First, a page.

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University of Cambridge Computer Laboratory
Unix Tools
Computer Laboratory > Course material 2006-07 > Unix Tools

Unix Tools

Principal lecturer: Dr Markus Kuhn
Taken by: Part IB


This non-examinable 8-h lecture course takes you onto a quick tour through a few important and highly useful Unix development tools including the shell, make, Perl and LaTeX on 2006 October 5–31, 11:00–12:00 in Lecture Theatre 1 of the William Gates Building.

Study Materials

All in PDF for easy printing:

Related links

Most of the tools discussed in the course can be explored and used on the PWF Linux installation in the Computer Laboratory’s Teaching Lab, which is currently a customized version of SUSE Linux 9.3. However, due to home directories residing on a Novell server, PWF Linux has a few quirks and restrictions compared to a typical Unix or Linux system. Problems with PWF Linux should be reported to pwf-linux@ucs.cam.ac.uk [but feel free to cc to me (mgk25) as well].

Installing Unix/Linux on your own PC

I like to encourage students who own a PC and are interested in Unix to try out one of the various excellent freely or cheaply available Unix-like operating systems: Linux (Debian, Mandriva, Novell/SUSE, RedHat/Fedora, Gentoo, Knoppix, Ubuntu), NetBSD, FreeBSD, OpenBSD. In particular, the Computing Service’s Unix Support runs an FTP and NFS server with all the files and updates for the latest SUSE, Fedora, Debian, and Ubuntu Linux distributions.

The following steps outline briefly, how to install SUSE Linux on your PC. (The instructions and links are for SUSE Linux 9.3, which is what the PWF uses, but work similarly for newer releases):

First make sure you have space for a generous new harddisk partition. While a minimal system can be installed in as little as 200 MB, partition sizes of 1–4 GB are recommended for a full-featured system. If your entire harddisk is already used by another operating system, you may want to reduce the size of an existing partition first. This can be done without reformatting, using tools such as FIPS.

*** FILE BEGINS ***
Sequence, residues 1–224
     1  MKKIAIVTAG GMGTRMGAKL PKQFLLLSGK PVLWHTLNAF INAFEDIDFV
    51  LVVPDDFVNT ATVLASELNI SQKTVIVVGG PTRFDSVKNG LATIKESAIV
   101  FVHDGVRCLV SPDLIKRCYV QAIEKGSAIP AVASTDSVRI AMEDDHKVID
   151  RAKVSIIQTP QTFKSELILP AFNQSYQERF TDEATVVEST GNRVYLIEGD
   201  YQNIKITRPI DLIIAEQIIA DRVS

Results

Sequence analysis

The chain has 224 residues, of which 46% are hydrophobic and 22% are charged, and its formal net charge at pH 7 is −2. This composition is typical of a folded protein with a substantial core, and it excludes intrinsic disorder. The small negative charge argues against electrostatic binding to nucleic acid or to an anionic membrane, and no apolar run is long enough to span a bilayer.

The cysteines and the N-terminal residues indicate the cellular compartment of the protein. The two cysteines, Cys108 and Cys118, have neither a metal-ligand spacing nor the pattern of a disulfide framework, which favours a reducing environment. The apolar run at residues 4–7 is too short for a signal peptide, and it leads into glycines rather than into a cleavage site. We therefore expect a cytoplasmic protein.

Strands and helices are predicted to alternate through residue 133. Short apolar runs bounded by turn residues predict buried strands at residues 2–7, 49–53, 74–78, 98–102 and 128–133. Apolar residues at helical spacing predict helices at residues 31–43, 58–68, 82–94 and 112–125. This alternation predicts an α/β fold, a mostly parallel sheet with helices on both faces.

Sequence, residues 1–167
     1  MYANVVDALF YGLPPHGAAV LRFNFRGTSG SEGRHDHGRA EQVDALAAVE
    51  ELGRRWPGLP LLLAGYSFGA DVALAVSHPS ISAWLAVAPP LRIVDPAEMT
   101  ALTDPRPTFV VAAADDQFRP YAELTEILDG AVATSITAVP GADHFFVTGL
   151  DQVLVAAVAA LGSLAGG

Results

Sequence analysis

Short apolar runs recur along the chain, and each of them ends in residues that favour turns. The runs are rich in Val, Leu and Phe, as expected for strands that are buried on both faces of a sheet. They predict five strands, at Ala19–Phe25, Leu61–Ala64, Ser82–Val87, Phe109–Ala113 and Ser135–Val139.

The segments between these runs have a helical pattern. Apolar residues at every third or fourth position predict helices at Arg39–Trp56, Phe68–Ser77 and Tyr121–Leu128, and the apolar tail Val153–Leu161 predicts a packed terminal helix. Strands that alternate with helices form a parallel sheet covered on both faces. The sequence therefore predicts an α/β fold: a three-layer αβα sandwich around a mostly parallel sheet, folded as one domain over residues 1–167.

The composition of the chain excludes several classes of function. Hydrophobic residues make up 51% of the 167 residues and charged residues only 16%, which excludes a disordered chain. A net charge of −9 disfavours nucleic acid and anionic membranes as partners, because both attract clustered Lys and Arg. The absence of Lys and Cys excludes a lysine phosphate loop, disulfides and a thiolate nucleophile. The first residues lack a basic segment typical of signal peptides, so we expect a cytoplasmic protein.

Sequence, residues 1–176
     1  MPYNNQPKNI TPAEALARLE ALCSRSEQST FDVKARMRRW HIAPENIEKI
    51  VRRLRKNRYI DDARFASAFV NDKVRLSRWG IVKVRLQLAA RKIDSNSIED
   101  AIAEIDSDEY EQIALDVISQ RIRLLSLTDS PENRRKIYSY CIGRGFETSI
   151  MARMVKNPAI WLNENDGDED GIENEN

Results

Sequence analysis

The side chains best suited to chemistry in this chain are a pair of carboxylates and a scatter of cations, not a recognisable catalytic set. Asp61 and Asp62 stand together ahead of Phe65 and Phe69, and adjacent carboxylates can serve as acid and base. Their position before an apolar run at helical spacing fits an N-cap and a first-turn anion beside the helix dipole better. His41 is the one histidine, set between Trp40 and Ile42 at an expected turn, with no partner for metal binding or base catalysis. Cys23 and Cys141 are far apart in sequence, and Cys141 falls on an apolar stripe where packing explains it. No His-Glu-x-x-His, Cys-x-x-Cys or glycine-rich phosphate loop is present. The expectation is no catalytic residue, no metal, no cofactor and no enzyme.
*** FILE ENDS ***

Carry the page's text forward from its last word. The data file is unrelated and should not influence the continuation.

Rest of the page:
Then there are three options for getting the software onto your PC:

Directly from the network: If your PC is connected to the the Cambridge University Data Network:

  • Prepare the SUSE 9.3 installation boot CD by burning the image boot.iso. This can be done using any CD writing application, on a Linux machine for example with with xcdroast, k3b, or the good old cdrecord.
  • After having booted that, load the necessary kernel module for your Ethernet card, set your IP address, and then configure as the “installation source medium” the Computing Service server that stores the remaining installation files:
    • protocol: NFS
    • server name: nfs-uxsup.csx.cam.ac.uk
    • directory: linux/suse/i386/9.3
  • To perform online updates after the initial installation is complete, use in the YaST Online Update tool the settings
    • protocol: NFS
    • server name: nfs-uxsup.csx.cam.ac.uk
    • directory: linux/suse
    to fetch these also from a local Computing Service server.
  • More information can be found in the SUSE User Guide and Administration Guide.

New: local openSUSE 10.2 mirror (or via NFS: nfs-uxsup.csx.cam.ac.uk:linux/opensuse/10.2/repo/{oss,non-oss})

Using the Computing Service as an installation source will not create network traffic outside Cambridge, for which your college would otherwise be charged. If you are not on the University network, use another server.

From self-made CDs/DVD: Alternatively, you can burn yourself the full five CDs or the single DVD from the ISO images provided by the Computing Service. The same server hosts also various Unix/Linux software available under campus licence. See also the Installing Novell SUSE Linux in Cambridge page there.

From bought CDs/DVD: Finally, boxed sets of these CDs with printed manuals are available in various computer stores in town (PCWorld, Maplin, etc.).